Word Yacht

Word Raft has sunk, but shed no tear, Word Yacht is here. It's like Word Raft, without the bad stuff:

  • Word Raft encouraged publishing every week. Publishing every week is a wrong goal to have, because we end up chasing regularity instead of focusing on quality. Instead of giving ourselves time to sculpt that essay to perfection, we settle for less and publish something mediocre just to fill people's inboxes.

  • Word Raft was not a supportive community. Most messages in our Slack group were just people sharing links to their articles this week. Everyone was just focused on themselves and writing their own articles.

Word Yacht is different.

The purpose of Word Yacht is to be the most supportive writing community on the planet. That means we use Twist to discuss our half-baked ideas, great essays/books/tweets that we have read or are currently reading. That means that we are not afraid to share drafts that we want to get feedback on, even if we end up not publishing them. This collaboration and discussion breeds new ideas for future essays.

We achieve this goal by giving more than we ask in return. We don't see reviewing someone's essay as a chore, but as an opportunity to learn and become better writers. We understand that editing is a practice of our own writing skills. Great editors are great writers.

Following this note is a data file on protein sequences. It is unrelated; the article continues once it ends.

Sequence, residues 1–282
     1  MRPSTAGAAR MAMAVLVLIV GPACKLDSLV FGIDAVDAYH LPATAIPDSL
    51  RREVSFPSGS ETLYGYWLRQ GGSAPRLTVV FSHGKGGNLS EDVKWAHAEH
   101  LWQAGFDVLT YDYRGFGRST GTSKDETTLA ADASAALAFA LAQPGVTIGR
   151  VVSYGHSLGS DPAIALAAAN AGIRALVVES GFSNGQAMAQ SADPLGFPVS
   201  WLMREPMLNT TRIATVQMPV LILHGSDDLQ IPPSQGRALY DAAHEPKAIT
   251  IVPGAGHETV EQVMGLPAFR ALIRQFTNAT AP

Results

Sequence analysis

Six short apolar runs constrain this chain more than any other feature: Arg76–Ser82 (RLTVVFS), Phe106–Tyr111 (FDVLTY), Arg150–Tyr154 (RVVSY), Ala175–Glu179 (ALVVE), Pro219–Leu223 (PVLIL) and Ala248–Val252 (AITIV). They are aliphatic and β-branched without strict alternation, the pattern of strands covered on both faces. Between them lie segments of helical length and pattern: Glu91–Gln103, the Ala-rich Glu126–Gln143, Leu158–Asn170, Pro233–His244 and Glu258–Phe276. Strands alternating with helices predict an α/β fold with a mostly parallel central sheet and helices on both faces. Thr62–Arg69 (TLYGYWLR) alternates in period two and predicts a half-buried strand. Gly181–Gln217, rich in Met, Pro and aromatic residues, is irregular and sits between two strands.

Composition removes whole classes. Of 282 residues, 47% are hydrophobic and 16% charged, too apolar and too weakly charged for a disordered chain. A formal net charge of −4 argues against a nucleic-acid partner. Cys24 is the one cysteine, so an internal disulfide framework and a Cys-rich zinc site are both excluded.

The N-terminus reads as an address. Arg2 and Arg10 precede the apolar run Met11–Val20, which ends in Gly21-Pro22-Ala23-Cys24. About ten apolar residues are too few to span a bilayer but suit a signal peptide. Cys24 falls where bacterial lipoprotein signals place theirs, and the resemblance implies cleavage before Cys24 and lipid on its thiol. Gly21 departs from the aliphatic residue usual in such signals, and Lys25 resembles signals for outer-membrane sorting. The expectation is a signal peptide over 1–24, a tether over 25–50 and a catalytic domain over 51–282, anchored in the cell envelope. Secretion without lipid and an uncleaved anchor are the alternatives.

We understand that it's better to publish one high-quality essay than a hundred mediocre ones. Even though there are millions of essays on the web, people are still starving for high-quality essays. By promoting to edit each other's essays, Word Yacht helps us all become better writers and increases our chances of achieving high-quality status.

We don't pressure you to publish every week, but still encourage you to write regularly. Just how you don't publish every photo you take, you shouldn't publish every essay you write. If you are considering to publish an essay, Word Yacht is a great place to get feedback before it goes live.

Join us if this aligns with your views on writing.

The greater danger for most of us lies not in setting our aim too high and falling short; but in setting our aim too low, and achieving our mark.


Want to talk more about this or any other topic? Email me. I welcome every email.